Reply All -- Oh No

How an adman turned an embarrassing email blunder into Super Bowl-size success.
3:00 | 11/09/12

Coming up in the next {{countdown}} {{countdownlbl}}

Coming up next:

{{nextVideo.title}}

{{nextVideo.description}}

Skip to this video now

Now Playing:

{{currentVideo.title}}

More information on this video
Enhanced full screen
Explore related content
Comments
Related Extras
Related Videos
Video Transcript
Transcript for Reply All -- Oh No
You've had that feeling before. You know you have. That sinking feeling in your stomach when you realize you've just made a disastrous e-mail blunder like spending your entire office a nasty note meant for your ex-boyfriend. It can happen in a nanosecond. The same amount of time it could take for your career to end when you hit the wrong key at the wrg people. All of them. ♪ Reporter: This tire commercial that ran during the super bowl in 2010 probably made you smile, but it made ad man bill cochran's career. It was huge. To have something on the biggest stage for advertising, it meant the world to me. I could try to be cool about it, but I wasn't. I completely lost my mind. Reporter: The spot was called "a whale of a tale." And now cochran has one of his own to tell. It began late in 2010, when bill and his colleagues were asked to dream up another super bowl ad. Bill's boss sent out a mass e-mail to 100 or so creatives, spelling out teams that would compete to come up with that one killer idea like these ads. On something as juicy as a super bowl spot, it gets a little more cut throat around here. I just saw that list and I was like, "okay, we gotta get fired up." Reporter: This ex-athlete got fired up by putting others down. Writing to his creative partner, cochran savaged many of their rivals for the gig. His office colleagues, all in ruthless, r-rated language. There are words you might say in a locker room about another team, and there are words you might say at a press conference. I used locker room words in this e-mail. Reporter: What kind of words are we talking about? I -- I think I said, "i'm sick of their , so to speak. Reporter: Kick their ass? Oh, yeah. That sounds like something i would say. This wasn't the most thought-out e-mail I've ever written in my life. Reporter: When you clicked it -- mm-hmm. Reporter: -- Did you have any idea that you had done something wrong? No idea at all. I felt great. Reporter: That feeling lasted until his colleague wendy mayes called to tell him -- I said, "oh, god, bill, you sent that to all! You replied to all!" Within moments, there was sort of you could hear some cackles and prairie dogs and people popping up. Reporter: Two buttons, so had hit "reply all." I just felt like the blood just drifted completely -- just came out of my body. Is there something I can do? Is there a way I can? Can I recall this e-mail? Can I get it back? Reporter: Um, no, actually. There was sort of this look between the creatives like -- and then other e-mails started to show up, bing, bing, bing. A lot of people started replying to all back to his ply all, saying "you're an idiot." The most morable and the most succinct was just a one-rd e-mail that just said, "moron." I did another reply all that said something to the effect of, oops. Reporter: You know, in th history of mishas tended to not be a very useful word. Cochran was thinking about other words like "buh-bye." And I have just undone what i think is a perfectly good career in one blink. Reporter: He'd have company like this scene in the "newsroom" when a producer sends an iimate e-mail to her boss, and hits "reply-all." What just happened? I got a staff e-mail from you. Me, too. I sent the e-mail to sloan. I mean will. Aah! eporter: OR THE CORNELL Lovers, whose intimate e-mails about their extramarital fling describing spanking, licking and tickling, were read by their lleagues. The intern at the top gal firm who accidently shared with bigwigs that he was doing "jack at work. The $300,000 a year uk exec, sacked when he publicly disparaged a job-seeker for "being too stupid to get a job." Cochran figured he'd be a job-seeker himself in a few hours. I'm gonna get fired for this. I'm gonna lose my job, I'm gonna have to move, I'm gonna have to start over. I have undone this, all of this, in one stupid clk. I think he said something to the effect of "it's been nice knowing you, guys. I'm going to go ahead and pack up my cubicle now." Reporter: Now at some places, a guy who did something like that would've been fired. No, not here. I just don't think anybody comes running to me d says, you should know about the dumb thing that bill cochran did. That just never happens here. Reporter: Instead, cochran started doing a smart thing -- apologizing. It starts with "i'm sorry," and then there's several other "i'm sorrys" throughout, and then it probly ends with a sorry. Reporter: And he came up with a new concept for that year's super bowl spot -- oh, no. Rod, you hit "reply all." Aaagh. Aaagh! Reporter: A spot called "reply all" and to his amazement -- you know, I was wrong. You just sent this e-mail to me. Could you imagine? Reporter: -- The client bought it, and it appeared on the super bowl earlier last year. I mean, lemons into lemonade, my gosh. Yeah. Reporter: Yet even amid this happy ending, bill cochran has learned his lesson. When do you say what's really on your mind? Just in person. Next, ever feel like doing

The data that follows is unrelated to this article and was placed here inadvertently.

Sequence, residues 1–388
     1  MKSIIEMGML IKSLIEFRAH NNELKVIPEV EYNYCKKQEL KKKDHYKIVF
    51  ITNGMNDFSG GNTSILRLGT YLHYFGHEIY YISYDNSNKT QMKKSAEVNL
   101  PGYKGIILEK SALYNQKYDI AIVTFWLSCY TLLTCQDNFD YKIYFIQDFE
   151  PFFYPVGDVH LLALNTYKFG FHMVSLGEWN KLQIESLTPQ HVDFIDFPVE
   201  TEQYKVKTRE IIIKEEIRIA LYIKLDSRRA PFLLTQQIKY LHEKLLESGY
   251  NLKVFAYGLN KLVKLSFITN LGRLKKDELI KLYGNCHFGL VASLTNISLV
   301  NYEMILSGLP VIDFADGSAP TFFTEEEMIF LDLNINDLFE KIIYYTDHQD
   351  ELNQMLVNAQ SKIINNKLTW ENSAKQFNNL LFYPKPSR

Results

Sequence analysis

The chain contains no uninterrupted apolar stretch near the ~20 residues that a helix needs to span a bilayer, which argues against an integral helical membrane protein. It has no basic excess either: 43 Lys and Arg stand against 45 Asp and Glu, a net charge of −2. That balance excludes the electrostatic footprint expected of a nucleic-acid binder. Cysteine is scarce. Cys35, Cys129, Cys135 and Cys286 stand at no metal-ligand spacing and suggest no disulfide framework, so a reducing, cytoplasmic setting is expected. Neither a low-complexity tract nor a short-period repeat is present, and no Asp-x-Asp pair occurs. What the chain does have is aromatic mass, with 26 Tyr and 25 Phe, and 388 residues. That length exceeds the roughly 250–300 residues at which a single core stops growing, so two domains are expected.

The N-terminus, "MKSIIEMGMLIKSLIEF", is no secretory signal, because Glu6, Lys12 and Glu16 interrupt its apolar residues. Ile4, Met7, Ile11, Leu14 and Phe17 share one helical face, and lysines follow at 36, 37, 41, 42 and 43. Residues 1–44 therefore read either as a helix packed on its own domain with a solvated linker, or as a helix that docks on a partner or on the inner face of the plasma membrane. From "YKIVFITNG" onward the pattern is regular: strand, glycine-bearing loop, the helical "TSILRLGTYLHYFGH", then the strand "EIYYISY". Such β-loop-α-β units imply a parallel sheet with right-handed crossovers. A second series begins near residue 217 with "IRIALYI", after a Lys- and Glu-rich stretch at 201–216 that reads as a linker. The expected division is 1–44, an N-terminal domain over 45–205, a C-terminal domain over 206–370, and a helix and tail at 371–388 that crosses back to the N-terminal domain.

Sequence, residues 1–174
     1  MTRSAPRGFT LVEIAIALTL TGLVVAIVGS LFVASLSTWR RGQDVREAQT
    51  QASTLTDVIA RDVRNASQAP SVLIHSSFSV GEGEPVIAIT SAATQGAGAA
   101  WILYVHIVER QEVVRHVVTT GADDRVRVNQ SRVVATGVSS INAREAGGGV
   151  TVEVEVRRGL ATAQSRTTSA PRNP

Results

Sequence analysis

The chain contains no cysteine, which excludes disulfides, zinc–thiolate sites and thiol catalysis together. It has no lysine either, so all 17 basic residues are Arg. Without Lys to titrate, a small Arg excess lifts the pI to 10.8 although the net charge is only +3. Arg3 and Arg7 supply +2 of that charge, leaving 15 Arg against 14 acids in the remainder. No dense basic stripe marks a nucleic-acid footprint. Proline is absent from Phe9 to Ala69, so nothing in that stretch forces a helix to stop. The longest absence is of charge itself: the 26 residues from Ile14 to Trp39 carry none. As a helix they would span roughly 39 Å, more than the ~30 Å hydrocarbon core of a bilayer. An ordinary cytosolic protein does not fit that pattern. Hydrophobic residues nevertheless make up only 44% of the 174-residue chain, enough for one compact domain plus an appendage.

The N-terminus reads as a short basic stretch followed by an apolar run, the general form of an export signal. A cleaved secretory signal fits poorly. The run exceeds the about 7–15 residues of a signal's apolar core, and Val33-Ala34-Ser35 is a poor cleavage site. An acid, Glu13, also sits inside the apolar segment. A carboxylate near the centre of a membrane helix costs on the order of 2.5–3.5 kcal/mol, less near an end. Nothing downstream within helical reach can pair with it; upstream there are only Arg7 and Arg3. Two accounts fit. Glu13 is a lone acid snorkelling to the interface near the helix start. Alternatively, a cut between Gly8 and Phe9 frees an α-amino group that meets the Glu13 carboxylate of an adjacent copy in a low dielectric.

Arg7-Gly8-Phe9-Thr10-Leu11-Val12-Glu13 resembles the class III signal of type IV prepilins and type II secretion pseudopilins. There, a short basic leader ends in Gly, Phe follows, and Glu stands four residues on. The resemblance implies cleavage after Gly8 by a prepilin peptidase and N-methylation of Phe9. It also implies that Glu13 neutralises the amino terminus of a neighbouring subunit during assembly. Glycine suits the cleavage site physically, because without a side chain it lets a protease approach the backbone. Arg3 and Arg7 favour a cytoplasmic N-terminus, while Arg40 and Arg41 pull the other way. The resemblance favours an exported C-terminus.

This transcript has been automatically generated and may not be 100% accurate.

{"id":17684846,"title":"Reply All -- Oh No","duration":"3:00","description":"How an adman turned an embarrassing email blunder into Super Bowl-size success.","section":"2020","mediaType":"Default"}